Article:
Yes, this genuinely upset me. No matter how angry someone has made me, no matter how much pain they have brought upon me, I have never uttered those words. Not once.  Because I would NEVER wish death upon another person. I’m kind of a hippy – I want the world to be love and cuddles and puppies. I want to treat others nicely and I never want to intentionally hurt someone. Heck, when I unintentionally hurt someone, I’m wrought with guilt and I’m probably pretty annoying after the ten thousandth “I’m so so sorry.”

Basically what it boils down to is this (and I’m fairly certain that if you’re reading this you’re not likely to be one of those people who casually tosses death wishes around): Your fellow players are human beings.  Even if you think it’s common place, wishing death on someone you don’t know just isn’t friendly, and probably is a pretty unhealthy way to live. Just because you’re nonchalant about it doesn’t mean that it doesn’t affect the other person. Say what you want to say without resorting to a stinted vocabulary that resorts to profanities and death when you’re feeling upset about something.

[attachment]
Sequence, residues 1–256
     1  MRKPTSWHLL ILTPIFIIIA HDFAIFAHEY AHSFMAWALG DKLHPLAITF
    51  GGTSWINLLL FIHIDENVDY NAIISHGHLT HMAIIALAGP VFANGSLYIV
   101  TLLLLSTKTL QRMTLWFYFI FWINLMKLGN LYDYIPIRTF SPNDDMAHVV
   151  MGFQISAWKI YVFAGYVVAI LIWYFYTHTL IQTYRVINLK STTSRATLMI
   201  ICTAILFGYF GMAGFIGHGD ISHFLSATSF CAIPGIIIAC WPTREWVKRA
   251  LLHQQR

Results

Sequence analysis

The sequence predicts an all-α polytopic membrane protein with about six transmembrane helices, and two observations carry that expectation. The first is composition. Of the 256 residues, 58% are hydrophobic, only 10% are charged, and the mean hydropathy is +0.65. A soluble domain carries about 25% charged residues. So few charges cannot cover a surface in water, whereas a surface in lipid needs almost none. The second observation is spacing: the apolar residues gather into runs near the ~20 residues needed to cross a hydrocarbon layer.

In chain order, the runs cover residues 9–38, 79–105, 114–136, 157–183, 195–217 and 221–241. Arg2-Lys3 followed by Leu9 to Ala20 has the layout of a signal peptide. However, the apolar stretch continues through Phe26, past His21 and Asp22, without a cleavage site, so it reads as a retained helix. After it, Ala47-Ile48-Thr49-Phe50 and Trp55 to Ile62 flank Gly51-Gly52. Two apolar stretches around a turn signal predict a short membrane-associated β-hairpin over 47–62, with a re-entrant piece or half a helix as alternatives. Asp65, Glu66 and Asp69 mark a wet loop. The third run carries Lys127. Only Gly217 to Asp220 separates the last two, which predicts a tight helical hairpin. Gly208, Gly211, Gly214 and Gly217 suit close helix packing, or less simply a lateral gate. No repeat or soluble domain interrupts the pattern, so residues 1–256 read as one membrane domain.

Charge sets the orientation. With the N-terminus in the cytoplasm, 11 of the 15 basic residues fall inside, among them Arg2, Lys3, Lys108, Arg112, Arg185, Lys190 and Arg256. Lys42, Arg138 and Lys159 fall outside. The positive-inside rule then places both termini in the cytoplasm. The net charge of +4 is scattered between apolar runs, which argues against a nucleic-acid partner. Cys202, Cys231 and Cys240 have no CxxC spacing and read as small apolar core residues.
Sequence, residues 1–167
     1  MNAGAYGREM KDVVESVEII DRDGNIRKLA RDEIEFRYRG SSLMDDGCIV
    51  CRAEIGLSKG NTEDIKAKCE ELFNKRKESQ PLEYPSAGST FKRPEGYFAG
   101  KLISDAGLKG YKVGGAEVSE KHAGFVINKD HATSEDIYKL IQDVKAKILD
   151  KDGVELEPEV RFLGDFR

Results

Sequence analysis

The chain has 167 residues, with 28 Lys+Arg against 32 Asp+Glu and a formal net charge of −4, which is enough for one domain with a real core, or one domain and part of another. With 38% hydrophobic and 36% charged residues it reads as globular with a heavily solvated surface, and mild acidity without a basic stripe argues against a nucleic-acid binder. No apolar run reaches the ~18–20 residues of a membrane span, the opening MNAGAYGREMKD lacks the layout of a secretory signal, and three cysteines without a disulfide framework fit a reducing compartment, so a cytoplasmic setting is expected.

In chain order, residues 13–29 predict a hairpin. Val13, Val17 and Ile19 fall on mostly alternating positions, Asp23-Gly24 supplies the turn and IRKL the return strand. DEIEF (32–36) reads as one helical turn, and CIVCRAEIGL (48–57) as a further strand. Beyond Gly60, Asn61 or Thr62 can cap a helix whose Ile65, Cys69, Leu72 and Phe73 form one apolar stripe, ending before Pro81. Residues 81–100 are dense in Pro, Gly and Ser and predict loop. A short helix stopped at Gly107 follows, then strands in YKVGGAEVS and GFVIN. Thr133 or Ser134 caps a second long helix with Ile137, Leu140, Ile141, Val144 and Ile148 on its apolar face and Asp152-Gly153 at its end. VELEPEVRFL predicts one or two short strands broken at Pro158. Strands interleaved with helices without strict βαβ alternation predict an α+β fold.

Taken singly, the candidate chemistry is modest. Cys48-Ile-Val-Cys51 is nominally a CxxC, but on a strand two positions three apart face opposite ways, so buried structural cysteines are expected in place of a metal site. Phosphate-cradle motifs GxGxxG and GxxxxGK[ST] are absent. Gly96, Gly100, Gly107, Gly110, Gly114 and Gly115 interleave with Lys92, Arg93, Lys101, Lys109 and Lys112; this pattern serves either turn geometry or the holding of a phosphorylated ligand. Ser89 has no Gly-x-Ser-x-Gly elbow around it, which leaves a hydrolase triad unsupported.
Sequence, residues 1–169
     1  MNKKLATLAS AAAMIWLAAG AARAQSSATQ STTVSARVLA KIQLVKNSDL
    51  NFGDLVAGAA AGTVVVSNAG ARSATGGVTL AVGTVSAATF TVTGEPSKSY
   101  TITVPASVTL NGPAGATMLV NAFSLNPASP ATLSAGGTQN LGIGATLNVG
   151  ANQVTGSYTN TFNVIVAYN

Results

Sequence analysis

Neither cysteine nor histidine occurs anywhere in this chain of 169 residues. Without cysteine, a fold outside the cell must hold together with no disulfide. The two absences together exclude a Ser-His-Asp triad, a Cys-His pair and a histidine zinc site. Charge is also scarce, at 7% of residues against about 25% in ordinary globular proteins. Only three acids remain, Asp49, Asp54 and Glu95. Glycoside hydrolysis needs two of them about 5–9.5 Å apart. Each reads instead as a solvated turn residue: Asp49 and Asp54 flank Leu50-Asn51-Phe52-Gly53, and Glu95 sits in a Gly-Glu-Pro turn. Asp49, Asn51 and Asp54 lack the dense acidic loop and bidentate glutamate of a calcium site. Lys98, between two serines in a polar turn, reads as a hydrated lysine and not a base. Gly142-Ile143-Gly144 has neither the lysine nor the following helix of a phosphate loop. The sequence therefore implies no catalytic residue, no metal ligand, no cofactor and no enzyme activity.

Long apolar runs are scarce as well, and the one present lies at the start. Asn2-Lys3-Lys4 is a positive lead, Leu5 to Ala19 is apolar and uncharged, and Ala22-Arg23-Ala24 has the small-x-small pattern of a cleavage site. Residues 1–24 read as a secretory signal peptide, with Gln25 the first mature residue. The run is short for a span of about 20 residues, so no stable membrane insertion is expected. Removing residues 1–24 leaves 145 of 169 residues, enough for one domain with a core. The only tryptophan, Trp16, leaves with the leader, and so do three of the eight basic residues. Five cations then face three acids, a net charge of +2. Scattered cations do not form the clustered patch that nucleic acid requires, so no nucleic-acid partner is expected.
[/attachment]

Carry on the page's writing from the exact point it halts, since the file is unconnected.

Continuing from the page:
I don’t feel like I have a good way to end this; it’s been something that’s bothered me for a long time now and this was kind of the straw that broke my blogging camel’s back. He’s now in traction and seems to be doing fine.

*hugs & love*



11 Responses to "Using The Proper Words"

Two semi-related anecdotes to go along with this.